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The party moved on over the soft ground rapidly and quietly; the horses, seeming to recognize their masters, followed them without hesitation, and scarcely required to be touched by the rear follower. As they neared the kraal past which they had to walk, they heard sounds of loud talking and occasional singing, so that the slight noise of the horses' feet they trusted would not be heard.

A Matabili at all times, however, is watchful, and more particularly in time of war. Just as the three men with their charge were opposite the kraal the singing and talking suddenly ceased, and some half-dozen men came out of their huts, and called out, 'Who is there ?'.

'Taking the horses by the chief's orders,' replied Hans, in Matabili.

Resting his hand on Katrine's arm, he whispered, 'Not a move, Katrine, we must escape by boldness; any hurry now, and we may fail.'

Katrine was a girl who had lived amidst events which the denizen of civilization is unacquainted with : she had witnessed many rough scenes, was accustomed to hear tales of dangers and risks, and was thus seasoned, as it were, to a life of adventures. Just as the most delicately nurtured English girl will travel by an express train without any very great fear the very day after some fearful accident may have happened on the railway by which she is a passenger, so did Katrine trust that all might turn out well in spite of the apparent dangers around. Still when she found that the approach of her party had been heard by the men of this kraal, and

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heard them speaking to Hans, she feared another scene of bloodshed would soon be enacted, such as that to which she had been a witness when she was first captured by the Matabili and her father slaughtered. Her trembling arm indicated to Hans her fears, but his whispered encouragement gave her strength and hope.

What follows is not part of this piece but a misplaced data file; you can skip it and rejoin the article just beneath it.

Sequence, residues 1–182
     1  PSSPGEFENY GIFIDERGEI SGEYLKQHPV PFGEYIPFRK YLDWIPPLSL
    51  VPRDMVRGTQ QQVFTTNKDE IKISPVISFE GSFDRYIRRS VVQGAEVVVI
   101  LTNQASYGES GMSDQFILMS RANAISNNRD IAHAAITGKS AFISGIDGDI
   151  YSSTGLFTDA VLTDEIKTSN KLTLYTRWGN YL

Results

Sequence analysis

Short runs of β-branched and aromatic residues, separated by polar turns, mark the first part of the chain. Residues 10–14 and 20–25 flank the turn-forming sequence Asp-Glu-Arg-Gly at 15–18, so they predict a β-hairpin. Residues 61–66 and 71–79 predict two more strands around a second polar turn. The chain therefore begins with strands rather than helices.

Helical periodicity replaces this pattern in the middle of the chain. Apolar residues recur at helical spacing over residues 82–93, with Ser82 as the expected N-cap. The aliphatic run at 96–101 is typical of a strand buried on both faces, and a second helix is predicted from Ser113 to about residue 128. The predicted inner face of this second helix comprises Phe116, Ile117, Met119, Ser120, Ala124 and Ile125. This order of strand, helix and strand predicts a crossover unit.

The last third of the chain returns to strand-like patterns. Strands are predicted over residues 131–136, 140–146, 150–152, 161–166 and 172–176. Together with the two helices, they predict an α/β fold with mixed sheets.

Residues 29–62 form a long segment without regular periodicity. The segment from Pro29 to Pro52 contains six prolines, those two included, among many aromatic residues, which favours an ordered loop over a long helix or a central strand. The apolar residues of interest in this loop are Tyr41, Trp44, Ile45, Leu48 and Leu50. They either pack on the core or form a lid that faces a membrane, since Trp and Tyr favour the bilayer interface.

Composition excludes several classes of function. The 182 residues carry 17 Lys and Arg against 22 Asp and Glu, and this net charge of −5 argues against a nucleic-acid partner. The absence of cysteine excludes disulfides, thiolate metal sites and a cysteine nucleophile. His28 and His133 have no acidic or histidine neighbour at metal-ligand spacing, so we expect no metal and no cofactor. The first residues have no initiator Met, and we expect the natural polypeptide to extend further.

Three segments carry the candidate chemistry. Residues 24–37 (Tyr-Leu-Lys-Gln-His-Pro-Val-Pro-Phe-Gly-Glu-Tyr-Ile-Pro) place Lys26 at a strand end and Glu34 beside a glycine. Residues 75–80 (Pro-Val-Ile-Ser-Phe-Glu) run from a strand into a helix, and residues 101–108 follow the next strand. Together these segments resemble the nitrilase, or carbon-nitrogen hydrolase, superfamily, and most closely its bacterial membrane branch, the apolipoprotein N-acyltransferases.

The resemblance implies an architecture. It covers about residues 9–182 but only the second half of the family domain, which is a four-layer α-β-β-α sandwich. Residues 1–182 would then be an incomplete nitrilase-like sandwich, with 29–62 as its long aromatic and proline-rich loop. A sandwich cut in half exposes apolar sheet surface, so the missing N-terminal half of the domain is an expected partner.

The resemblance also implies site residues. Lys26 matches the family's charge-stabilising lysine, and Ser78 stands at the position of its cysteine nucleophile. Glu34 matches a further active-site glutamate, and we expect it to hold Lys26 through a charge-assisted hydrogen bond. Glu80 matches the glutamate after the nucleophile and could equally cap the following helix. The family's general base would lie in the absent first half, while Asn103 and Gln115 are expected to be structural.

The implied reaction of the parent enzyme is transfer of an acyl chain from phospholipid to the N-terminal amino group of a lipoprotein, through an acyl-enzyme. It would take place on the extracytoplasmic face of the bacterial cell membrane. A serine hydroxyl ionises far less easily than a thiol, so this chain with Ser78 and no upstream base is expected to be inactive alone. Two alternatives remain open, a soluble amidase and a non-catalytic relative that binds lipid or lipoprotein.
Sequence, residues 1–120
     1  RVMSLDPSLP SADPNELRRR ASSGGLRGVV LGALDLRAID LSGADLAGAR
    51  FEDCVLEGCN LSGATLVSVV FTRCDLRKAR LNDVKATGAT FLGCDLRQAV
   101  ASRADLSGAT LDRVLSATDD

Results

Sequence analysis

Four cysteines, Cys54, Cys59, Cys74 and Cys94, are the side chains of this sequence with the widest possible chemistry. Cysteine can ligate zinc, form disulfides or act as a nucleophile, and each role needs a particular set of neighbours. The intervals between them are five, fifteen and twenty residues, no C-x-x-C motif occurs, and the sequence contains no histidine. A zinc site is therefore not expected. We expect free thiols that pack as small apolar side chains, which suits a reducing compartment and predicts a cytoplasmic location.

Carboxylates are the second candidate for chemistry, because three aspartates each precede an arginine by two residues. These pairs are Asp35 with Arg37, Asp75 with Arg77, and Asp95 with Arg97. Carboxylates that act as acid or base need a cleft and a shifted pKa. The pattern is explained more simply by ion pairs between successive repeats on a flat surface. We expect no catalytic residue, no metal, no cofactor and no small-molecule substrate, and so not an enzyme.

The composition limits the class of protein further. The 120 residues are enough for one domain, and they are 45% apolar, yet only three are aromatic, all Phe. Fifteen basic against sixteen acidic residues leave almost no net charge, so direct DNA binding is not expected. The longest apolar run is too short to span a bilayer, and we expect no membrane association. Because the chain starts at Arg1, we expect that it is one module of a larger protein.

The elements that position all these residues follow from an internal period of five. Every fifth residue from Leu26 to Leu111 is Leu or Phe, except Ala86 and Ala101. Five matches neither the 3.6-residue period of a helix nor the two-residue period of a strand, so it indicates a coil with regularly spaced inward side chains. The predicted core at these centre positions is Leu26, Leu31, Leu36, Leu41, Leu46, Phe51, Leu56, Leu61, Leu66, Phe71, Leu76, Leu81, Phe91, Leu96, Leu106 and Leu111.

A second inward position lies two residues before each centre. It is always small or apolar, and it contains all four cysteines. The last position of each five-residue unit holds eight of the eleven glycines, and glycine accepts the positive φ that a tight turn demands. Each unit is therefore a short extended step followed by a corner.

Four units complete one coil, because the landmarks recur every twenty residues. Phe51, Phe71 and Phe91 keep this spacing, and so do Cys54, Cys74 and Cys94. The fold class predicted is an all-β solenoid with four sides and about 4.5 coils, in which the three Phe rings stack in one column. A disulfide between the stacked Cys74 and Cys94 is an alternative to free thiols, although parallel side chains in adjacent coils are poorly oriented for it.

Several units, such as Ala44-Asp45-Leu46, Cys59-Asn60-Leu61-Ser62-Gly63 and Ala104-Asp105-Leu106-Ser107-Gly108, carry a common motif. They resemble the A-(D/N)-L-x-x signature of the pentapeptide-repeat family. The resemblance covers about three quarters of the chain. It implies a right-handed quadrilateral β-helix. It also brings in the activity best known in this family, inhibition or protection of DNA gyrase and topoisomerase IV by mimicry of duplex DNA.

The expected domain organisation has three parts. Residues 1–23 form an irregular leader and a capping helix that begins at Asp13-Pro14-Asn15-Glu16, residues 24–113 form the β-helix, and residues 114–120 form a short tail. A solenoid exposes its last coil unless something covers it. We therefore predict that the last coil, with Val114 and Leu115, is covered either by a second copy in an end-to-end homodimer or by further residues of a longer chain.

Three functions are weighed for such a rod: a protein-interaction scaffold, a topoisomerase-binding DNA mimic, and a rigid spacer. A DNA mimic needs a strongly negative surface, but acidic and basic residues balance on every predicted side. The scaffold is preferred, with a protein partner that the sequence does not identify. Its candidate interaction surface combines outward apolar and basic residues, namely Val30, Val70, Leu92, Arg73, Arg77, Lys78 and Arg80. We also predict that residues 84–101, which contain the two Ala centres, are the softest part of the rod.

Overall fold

The moment, however, was critical, and had not Hans' answer been confident and distinct, he might have had to fight for his life under circumstances where he could not well escape; for it would have been almost certain death to have attempted to ride at speed on a night as dark as that on which they were escaping. Fortunately the men were not curious; and most Kaffirs having a dislike to move about much at night, in consequence of snakes, centipedes, and scorpions, on which their naked feet might tread, they waited inside their kraal until the party had passed, and the sound of their footsteps was heard no more.

'We are safe so far,' whispered Hans, 'thank God! Can you tell me, Katrine, where this path leads to?'

'It leads down to the stream about a mile on, and then is lost in the plain beyond. It has been used for driving the cattle to and from water, and also for hunting, there being many "wilde" on the plain beyond.'

'If, then, we can cross the river, we may consider ourselves safe,' remarked Hans; for we can then put you on the horses, and can ride all night. Our spoor cannot be followed by night, and twelve hours' start


ought to enable us to reach our people before we are overtaken.'

'But there are hundreds of the Matabili out on war,' said Katrine, and we may fall in with some of them.'